What’s supposed to be the most important day of your life can turn into an absolute mess. Take a generous dose of bad luck, sprinkle in some oblivious relatives, add a whole bunch of misunderstandings, and there you have it—the recipe for a perfect wedding fail!
Jimmy Fallon, the host of the Tonight Show, challenged people to share their worst wedding fails. The stories are hilarious, make us pity whomever they happened to, and act as a warning to all of us that everything that can go wrong will (probably, most likely) go wrong. Upvote your faves and be sure to share this post with anyone who’s engaged.
When you’re done with this list, you’ll probably wonder, “Thank God that’s over, I nearly lost my faith in marriage as an institution.” Well, we’re not quite done yet. There are more wedding fails to enjoy right here.
Bored Panda spoke with Sarah and Anna, Team Leaders of The Celebrant Society, to ask them about the best way to deal with difficult and unexpected situations at weddings.
"It's really important to expect that at least one thing is going to go wrong on the day," Sarah and Anna told us. "This event is the culmination of many businesses, people, family members, elements, and months of work coming together and squeezing into one 6 hour period. Something will go wrong and that's totally okay, because the end game is not to have a perfectly run event—it's to get married to your love in the same perfectly imperfect way that you live your lives."
They continued: "Of course, having a great sense of humor helps any embarrassing situation, but it's also important to remember that these are the people you love and trust the most and who know you best (or at least they should be!)."
"You're in a safe space with people who love you. If something embarrassing happens, you're in the best company to help you through it," they said that the people we love will be able to help us get through anything.
Kiki told Bored Panda more about what happened. "It was my cousin's wedding and she was very stressed that day. Her husband acted fast, probably without thinking, but somehow it worked."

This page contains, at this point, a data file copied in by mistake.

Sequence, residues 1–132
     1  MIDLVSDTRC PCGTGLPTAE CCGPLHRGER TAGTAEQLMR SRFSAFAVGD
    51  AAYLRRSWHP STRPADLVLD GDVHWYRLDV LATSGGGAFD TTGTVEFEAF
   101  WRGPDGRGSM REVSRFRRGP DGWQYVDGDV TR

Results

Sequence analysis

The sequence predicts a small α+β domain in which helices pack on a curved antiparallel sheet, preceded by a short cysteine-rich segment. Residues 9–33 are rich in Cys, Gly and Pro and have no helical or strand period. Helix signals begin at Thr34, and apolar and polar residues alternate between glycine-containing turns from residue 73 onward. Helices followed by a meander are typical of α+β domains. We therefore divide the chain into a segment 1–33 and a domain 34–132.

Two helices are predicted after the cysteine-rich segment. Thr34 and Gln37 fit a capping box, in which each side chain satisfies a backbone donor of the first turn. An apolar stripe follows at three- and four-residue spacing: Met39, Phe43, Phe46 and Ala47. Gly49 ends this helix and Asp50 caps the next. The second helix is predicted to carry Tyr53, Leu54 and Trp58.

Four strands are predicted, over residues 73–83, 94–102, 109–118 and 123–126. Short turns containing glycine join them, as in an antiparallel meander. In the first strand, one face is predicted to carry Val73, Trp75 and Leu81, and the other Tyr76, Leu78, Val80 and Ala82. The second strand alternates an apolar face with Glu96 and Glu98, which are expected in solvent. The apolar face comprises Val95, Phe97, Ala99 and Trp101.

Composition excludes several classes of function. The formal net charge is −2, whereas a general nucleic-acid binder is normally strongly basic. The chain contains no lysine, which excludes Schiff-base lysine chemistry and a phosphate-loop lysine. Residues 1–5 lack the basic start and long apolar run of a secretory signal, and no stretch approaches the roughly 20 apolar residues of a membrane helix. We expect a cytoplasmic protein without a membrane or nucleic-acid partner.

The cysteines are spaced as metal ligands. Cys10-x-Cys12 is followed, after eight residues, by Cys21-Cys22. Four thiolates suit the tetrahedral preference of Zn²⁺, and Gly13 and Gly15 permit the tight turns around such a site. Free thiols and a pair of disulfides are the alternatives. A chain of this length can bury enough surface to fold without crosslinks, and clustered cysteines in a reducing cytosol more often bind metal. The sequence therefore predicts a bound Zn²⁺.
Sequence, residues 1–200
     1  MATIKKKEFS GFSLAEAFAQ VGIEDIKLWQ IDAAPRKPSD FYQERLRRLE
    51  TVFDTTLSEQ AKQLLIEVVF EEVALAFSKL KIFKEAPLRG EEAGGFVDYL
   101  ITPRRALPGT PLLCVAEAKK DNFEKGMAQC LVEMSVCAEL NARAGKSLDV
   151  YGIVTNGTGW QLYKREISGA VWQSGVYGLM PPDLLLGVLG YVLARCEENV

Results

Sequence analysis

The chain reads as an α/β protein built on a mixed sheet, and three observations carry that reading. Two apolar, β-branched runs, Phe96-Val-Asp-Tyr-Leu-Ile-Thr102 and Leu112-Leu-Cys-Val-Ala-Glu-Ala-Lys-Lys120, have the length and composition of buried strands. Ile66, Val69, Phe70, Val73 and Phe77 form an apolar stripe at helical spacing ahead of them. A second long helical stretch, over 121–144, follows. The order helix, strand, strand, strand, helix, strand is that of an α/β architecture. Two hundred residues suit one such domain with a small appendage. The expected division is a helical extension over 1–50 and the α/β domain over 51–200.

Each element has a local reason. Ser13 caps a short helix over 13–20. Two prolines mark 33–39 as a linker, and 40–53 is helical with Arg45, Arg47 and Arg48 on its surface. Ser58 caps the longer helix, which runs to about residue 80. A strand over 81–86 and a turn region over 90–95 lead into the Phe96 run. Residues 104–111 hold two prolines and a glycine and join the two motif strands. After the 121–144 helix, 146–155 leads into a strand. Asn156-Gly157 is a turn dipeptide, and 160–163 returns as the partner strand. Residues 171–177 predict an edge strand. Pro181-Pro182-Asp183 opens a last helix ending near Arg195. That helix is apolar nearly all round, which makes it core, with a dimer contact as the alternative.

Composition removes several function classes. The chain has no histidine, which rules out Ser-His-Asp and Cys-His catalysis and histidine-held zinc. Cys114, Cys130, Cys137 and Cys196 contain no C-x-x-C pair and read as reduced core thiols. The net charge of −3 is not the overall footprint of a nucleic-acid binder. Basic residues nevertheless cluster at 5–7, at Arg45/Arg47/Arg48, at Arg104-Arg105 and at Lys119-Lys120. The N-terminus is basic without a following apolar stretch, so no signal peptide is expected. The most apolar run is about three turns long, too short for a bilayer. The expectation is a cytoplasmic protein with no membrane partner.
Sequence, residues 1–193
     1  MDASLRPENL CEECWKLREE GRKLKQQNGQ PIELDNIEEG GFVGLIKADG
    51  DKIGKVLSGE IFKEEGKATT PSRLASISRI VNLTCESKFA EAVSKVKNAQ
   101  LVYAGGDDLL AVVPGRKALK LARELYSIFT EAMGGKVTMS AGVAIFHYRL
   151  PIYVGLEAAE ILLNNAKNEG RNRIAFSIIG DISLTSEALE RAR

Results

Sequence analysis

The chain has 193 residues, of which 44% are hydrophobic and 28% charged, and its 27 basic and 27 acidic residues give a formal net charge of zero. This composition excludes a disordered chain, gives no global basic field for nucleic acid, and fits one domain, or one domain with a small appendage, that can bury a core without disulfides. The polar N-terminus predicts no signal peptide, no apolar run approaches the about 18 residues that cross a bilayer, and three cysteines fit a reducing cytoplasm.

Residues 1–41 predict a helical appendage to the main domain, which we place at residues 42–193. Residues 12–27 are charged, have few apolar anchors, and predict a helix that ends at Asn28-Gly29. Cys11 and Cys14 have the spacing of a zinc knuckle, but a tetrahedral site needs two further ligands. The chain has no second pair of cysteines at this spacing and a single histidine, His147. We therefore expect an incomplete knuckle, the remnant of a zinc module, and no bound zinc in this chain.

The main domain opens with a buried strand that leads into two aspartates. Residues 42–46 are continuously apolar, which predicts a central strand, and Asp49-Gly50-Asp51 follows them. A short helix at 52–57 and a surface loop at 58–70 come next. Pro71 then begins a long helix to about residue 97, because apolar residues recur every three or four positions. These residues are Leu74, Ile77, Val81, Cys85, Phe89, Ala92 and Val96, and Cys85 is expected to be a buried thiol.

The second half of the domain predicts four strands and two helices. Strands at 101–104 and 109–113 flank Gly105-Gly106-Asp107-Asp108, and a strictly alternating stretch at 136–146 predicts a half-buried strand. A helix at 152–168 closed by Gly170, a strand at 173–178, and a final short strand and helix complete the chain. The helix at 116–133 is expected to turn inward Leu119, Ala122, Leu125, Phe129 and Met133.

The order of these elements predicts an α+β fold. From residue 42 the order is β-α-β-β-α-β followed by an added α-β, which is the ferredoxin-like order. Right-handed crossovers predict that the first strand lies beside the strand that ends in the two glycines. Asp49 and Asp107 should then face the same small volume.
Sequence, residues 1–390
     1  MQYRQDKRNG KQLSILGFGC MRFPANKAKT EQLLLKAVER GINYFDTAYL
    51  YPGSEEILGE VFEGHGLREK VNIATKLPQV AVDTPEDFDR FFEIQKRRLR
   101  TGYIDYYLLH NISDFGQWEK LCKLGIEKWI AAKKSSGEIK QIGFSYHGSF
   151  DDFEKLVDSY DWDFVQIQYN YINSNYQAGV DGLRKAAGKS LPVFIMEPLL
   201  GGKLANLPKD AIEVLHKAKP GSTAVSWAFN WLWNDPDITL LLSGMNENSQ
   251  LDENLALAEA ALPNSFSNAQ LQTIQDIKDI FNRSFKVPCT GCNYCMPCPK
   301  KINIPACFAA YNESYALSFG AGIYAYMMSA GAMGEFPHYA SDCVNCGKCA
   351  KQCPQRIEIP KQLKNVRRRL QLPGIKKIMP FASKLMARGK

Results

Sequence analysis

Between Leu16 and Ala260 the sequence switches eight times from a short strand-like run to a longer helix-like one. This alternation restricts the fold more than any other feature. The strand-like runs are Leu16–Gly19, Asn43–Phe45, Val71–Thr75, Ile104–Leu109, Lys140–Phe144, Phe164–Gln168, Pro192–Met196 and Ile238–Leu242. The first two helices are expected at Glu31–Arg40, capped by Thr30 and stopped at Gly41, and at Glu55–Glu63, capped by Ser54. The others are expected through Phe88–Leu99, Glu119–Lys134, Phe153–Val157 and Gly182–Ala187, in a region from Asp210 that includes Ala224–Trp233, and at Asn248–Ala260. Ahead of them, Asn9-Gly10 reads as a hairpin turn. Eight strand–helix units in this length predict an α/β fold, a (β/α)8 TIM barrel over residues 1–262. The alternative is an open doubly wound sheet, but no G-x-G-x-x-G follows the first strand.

"After 3 years, we are still laughing about it and yet, she's still so embarrassed (we can't blame her for that). In my opinion, a perfect wedding is a time one spends with his or her family and friends, having the time of their lives and making the memories," she told us.
"Also, I think people can't just predict the future. So if something happens, a fail as you guys called it, I think the most important thing is to smile. Just smile and laugh about it, and don't forget that it's your time and you should be happy no matter what happens."
It’s ironic that intentionally trying to avoid fails usually leads to them. It’s best to worry only about the major things you know you can control instead of trying to micromanage every single aspect of the wedding only to burn out.
The Wedding Ideas online magazine explains that there are some things that brides should do (or avoid doing). Otherwise, the wedding might take an unexpected turn. For instance, it’s vital that you set crystal-clear boundaries from the very start how much your family members—especially your parents—can interfere in the planning.
On the flip-side, it’s imperative that you involve your partner in the wedding planning. If they feel left out, sidelined, and ignored, your marriage won’t be off to a good start.
Speaking of not leaving anyone out, it’s important that you at least say a quick “hello” to everyone who comes to your wedding. Nobody needs you to be their best friend (you’ve got an eternal bonding of souls to get to after all), but your guests will want to feel appreciated.
Also, consider getting wedding insurance: you never know, you could catch the sniffles right before your Big Day and may need to reschedule.
But at the end of the day, the very best piece of advice would be to focus on the big picture. If you focus on micromanaging everything, you’ll get lost in minor details and won’t be able to see the forest for the trees. And that’s when wedding fails tend to strike! So make sure that the next time Fallon asks about wedding fails, you have nothing noteworthy to tweet back at him.